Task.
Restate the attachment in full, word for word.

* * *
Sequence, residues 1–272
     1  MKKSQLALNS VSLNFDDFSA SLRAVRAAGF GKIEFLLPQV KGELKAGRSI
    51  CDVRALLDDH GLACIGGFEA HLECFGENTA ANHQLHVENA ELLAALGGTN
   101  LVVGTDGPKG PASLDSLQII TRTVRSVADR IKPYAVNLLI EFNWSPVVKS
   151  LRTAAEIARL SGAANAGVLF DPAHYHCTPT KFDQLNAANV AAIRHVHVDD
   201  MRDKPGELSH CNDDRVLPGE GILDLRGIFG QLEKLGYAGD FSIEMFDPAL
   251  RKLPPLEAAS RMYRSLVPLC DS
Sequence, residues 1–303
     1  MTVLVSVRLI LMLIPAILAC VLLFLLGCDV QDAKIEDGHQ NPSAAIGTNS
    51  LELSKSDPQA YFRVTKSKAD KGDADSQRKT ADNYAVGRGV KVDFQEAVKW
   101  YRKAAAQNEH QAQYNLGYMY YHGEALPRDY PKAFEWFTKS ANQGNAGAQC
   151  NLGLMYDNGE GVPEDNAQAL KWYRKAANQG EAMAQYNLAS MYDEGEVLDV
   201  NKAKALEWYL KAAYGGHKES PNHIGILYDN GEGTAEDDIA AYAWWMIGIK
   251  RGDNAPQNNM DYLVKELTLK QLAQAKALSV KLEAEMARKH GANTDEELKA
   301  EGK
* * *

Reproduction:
Sequence, residues 1–272
     1  MKKSQLALNS VSLNFDDFSA SLRAVRAAGF GKIEFLLPQV KGELKAGRSI
    51  CDVRALLDDH GLACIGGFEA HLECFGENTA ANHQLHVENA ELLAALGGTN
   101  LVVGTDGPKG PASLDSLQII TRTVRSVADR IKPYAVNLLI EFNWSPVVKS
   151  LRTAAEIARL SGAANAGVLF DPAHYHCTPT KFDQLNAANV AAIRHVHVDD
   201  MRDKPGELSH CNDDRVLPGE GILDLRGIFG QLEKLGYAGD FSIEMFDPAL
   251  RKLPPLEAAS RMYRSLVPLC DS
Sequence, residues 1–303
     1  MTVLVSVRLI LMLIPAILAC VLLFLLGCDV QDAKIEDGHQ NPSAAIGTNS
    51  LELSKSDPQA YFRVTKSKAD KGDADSQRKT ADNYAVGRGV KVDFQEAVKW
   101  YRKAAAQNEH QAQYNLGYMY YHGEALPRDY PKAFEWFTKS ANQGNAGAQC
   151  NLGLMYDNGE GVPEDNAQAL KWYRKAANQG EAMAQYNLAS MYDEGEVLDV
   201  NKAKALEWYL KAAYGGHKES PNHIGILYDN GEGTAEDDIA AYAWWMIGIK
   251  RGDNAPQNNM DYLVKELTLK QLAQAKALSV KLEAEMARKH GANTDEELKA
   301  EGK